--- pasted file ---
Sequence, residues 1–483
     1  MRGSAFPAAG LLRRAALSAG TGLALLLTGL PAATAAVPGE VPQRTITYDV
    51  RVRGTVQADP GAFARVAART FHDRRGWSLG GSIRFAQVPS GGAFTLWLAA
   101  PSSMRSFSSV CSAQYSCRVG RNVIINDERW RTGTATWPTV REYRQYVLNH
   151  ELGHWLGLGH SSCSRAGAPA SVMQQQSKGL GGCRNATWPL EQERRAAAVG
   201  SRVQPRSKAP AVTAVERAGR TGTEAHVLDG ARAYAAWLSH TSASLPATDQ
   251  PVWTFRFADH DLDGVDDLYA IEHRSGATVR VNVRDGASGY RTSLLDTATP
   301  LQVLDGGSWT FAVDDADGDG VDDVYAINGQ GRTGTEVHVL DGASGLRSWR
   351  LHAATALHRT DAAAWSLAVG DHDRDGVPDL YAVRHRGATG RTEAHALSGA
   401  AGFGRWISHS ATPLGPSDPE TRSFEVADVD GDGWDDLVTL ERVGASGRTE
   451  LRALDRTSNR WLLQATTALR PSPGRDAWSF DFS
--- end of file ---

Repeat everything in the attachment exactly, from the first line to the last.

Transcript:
Sequence, residues 1–483
     1  MRGSAFPAAG LLRRAALSAG TGLALLLTGL PAATAAVPGE VPQRTITYDV
    51  RVRGTVQADP GAFARVAART FHDRRGWSLG GSIRFAQVPS GGAFTLWLAA
   101  PSSMRSFSSV CSAQYSCRVG RNVIINDERW RTGTATWPTV REYRQYVLNH
   151  ELGHWLGLGH SSCSRAGAPA SVMQQQSKGL GGCRNATWPL EQERRAAAVG
   201  SRVQPRSKAP AVTAVERAGR TGTEAHVLDG ARAYAAWLSH TSASLPATDQ
   251  PVWTFRFADH DLDGVDDLYA IEHRSGATVR VNVRDGASGY RTSLLDTATP
   301  LQVLDGGSWT FAVDDADGDG VDDVYAINGQ GRTGTEVHVL DGASGLRSWR
   351  LHAATALHRT DAAAWSLAVG DHDRDGVPDL YAVRHRGATG RTEAHALSGA
   401  AGFGRWISHS ATPLGPSDPE TRSFEVADVD GDGWDDLVTL ERVGASGRTE
   451  LRALDRTSNR WLLQATTALR PSPGRDAWSF DFS